This technique has long been an option for contact lens wearers who have developed presbyopia. One eye, usually the dominant eye, is fitted for distance and the other eye, usually the non-dominant eye, is fitted for near. Some brains readily adapt and are not bothered by the disparity between the two eyes, while other brains do not adjust at all and never are able to overcome the imbalance created by this technique. It seems to be either an all or nothing phenomenon for most. This same approach can also be applied to patients undergoing Visian ICL surgery and attempting to deal with presbyopia. Generally it is useful to try this with a contact lens before surgery to determine if the patient will be able to accept this system. Reversal of monovision with Visian ICL is possible with additional surgery, but it is best to try contact lenses preoperatively to see if you are a good candidate. If you would like to try this, our contact lens department can help.

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Why do I need YAG lasers before VISIAN ICL surgery?
The lasers are used before surgery to make 2 tiny openings in the iris of each eye. A combination of the argon laser and YAG laser is used to make these openings. They are called iridotomies and they are critical to the control of the eye pressure inside of the eye after surgery (see questions about Visian ICL complications). There are possible complications that can occur with these laser procedures and are described in the Visian ICL Informed Consent document (located on this site) which you must read and sign; however, this YAG laser for iridotomies is a standard procedure used for some forms of glaucoma.
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When will the YAG laser procedure be performed?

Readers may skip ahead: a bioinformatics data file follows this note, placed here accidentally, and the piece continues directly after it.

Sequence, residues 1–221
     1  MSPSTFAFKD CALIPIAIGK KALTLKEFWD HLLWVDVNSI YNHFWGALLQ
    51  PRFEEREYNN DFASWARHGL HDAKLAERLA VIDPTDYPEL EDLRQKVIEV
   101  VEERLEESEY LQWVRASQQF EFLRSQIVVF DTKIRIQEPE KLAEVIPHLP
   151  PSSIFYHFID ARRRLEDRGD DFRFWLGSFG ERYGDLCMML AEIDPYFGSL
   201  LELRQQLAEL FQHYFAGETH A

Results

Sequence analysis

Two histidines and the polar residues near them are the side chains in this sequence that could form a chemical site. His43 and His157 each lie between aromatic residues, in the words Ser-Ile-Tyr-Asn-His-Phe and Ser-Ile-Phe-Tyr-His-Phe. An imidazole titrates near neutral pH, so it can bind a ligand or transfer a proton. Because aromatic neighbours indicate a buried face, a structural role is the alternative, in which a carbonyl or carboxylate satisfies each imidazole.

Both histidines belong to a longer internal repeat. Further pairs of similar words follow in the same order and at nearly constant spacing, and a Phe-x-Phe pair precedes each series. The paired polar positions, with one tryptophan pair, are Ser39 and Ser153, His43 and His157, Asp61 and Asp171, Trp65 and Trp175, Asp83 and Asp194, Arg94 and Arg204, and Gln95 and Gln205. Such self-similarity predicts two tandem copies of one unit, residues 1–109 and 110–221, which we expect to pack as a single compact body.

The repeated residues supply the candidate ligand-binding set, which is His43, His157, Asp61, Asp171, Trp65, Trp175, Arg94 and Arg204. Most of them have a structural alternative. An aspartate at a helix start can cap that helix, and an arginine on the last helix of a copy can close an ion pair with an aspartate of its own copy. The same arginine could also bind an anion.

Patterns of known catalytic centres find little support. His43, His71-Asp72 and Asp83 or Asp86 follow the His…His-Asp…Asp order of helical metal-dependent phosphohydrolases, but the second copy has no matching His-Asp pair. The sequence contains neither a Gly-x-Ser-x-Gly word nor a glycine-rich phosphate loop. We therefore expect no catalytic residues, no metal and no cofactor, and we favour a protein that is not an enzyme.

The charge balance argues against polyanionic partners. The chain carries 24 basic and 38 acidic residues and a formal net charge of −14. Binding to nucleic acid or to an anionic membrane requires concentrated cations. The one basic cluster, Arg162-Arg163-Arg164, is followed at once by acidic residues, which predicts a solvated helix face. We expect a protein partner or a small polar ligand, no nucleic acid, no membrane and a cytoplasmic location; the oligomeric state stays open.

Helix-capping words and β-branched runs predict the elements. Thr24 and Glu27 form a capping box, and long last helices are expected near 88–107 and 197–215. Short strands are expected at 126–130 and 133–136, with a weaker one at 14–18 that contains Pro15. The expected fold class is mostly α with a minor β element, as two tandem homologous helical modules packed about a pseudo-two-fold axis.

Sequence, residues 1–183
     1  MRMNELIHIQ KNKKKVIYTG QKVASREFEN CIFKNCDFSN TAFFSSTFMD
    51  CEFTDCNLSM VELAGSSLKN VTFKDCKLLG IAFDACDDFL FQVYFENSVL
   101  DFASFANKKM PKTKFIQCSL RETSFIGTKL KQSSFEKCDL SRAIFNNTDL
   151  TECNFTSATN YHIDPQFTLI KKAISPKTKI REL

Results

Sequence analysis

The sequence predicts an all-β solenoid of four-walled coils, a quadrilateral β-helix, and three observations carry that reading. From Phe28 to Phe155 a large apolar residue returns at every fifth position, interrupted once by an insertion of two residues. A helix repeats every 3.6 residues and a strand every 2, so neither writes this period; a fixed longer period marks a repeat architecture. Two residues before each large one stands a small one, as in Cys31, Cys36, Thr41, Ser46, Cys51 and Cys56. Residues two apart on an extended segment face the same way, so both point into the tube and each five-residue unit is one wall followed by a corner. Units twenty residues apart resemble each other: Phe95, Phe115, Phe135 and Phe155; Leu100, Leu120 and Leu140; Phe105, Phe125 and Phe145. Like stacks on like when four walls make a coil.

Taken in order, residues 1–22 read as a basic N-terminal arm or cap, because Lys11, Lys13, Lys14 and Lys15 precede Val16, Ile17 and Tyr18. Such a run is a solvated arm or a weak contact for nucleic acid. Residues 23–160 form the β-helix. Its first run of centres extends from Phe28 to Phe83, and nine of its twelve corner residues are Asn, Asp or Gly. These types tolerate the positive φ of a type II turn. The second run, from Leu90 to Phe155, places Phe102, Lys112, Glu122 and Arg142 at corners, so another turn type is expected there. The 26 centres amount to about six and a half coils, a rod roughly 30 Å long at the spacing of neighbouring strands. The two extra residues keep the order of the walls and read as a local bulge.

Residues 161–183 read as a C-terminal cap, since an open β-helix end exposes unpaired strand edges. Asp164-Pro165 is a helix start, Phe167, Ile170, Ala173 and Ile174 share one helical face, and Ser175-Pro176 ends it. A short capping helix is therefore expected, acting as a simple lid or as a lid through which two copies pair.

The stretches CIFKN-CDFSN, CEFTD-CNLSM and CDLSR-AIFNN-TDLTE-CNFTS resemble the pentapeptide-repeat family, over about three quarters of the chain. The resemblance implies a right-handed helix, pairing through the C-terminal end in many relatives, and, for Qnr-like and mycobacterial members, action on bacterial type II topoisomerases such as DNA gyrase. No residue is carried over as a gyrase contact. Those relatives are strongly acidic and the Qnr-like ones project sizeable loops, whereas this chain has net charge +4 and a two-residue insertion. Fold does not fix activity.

Usually the YAG laser procedures will be performed 1 to 2 weeks prior to the Visian ICL surgery and usually on both eyes on the same day. The are no additional fees for the YAG laser treatment; it is included in the Visian ICL fees.

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What should I expect with the YAG lasers prior to VISIAN ICL surgery?
There is no preparation prior to the procedures. Someone will need to drive you home afterwards. There may be some irritation and blurry vision for several hours and possibly for part of the next day. You may not want to make important plans for the day following the procedures. Dr. Jaben may give you a bottle of eye drops to use for a few days and a prescription for pain medicine if needed.

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What complications can occur after VISIAN ICL surgery?
The complications, in general, are the same as for modern small incision cataract surgery since the procedures are so similar. Some of the more serious complications that may affect your vision in 2% of cases are:
- infection
- bleeding
- internal inflammation (iritis)
- swelling of the cornea or retina
- detachment of the retina
- loss or decrease in vision

Call Dr. Jaben or the CEENTA doctor on-call immediately if you have any of the following symptoms after surgery:
- pain not relieved by non-prescription pain medication
- loss or decrease in vision
- redness in or around the eye
- nausea, vomiting or excessive coughing
- injury to the eye

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Are there other complications particular to VISIAN ICL surgery that can occur?
INTRAOCULAR PRESSURE (pressure inside the eye) - because of the gel-like substance used for the procedure and the location of the Visian ICL in the eye, a major concern is always the eye pressure after surgery. The laser openings made prior to surgery are critical for the prevention of elevations in pressure. If these close at any time after surgery, the holes will need to be reopened with the laser. The eye pressure is checked 3 to 4 hours after surgery on the same day by Dr. Jaben in his office. If the pressure in your eye is elevated, it may need to be lowered with medicines or a release of fluid. The pressure will be checked again at your one-day postoperative appointment.